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Musings from the Edge of Forever

Note: This blog expresses only the opinions of the blog owner,
and does not represent the opinion of any organization or blog
that is associated with RONIN ON EMPTY.

John Woo’s Asian America

 

Woo Vogue

“For a long time I’ve wanted to make a film about the building of the railroad in the United States — it would be about the Chinese and the Irish, who built the railroads, their conflicts and how they learned to become friends.”

– John Woo in Out of the Shadows

The unnamed movie in the above quotation has been alternatively titled Land of Destiny and The Divide at different points in its production. What little about the film that I can glean from the internet suggests that this would have been Woo’s next film after Windtalkers before it eventually descended into development hell as Woo decided to take on other projects and more sizeable paychecks.

In as recent as this interview with Time Magazine, Woo says that he would still work with Chow Yun-Fat, even after the debacle that resulted from Chow’s casting in Red Cliff, and cited this in-development film as evidence of their continued friendship.

As far as I can tell, the setting will be California and involve the building of the Transcontinental Railroad. Chow Yun-Fat would play the Chinese protagonist, while the part of the Irish worker was initially rumored to be played by Nicolas Cage, although Hugh Jackman’s name has been mentioned as well.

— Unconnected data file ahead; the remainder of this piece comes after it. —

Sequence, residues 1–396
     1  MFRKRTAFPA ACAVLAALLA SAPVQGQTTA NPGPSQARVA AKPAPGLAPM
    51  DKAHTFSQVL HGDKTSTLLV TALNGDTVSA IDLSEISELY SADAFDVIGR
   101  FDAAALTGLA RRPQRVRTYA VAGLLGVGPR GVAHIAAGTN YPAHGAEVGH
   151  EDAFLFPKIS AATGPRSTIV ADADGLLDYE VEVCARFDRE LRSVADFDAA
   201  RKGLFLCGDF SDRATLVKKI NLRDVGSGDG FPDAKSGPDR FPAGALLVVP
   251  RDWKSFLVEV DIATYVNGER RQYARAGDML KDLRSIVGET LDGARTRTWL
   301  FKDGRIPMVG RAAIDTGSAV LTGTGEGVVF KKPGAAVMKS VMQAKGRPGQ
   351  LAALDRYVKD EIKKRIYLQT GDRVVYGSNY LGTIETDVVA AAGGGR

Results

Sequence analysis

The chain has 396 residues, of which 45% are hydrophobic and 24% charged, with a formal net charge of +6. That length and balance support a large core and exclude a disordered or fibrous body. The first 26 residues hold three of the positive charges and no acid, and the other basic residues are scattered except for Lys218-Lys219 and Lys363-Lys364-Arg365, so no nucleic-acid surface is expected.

Here’s hoping Woo is able to get his act together and make this movie. It’d be great to see a film that explored Chinese/white relations during this critical time period in American history, especially if it could also deliver a rollicking “Eastern Western” at the same time.*

__________________________________________________

*Once I finish my dissertation, I’ve got my eye on doing something with this very interesting subgenre of the Western; I aim to tackle films ranging from American stuff in the Shanghai Noon category to those ever-fascinating international re-imaginings of the Western, more in the vein of The Good, The Bad, The Weird and Sukiyaki Western Django. Now if only somebody would steal Frank Chin’s “The Lone Ranger was Chinese” idea and do something really cool with it. Hmm, maybe I should get on that myself…

 


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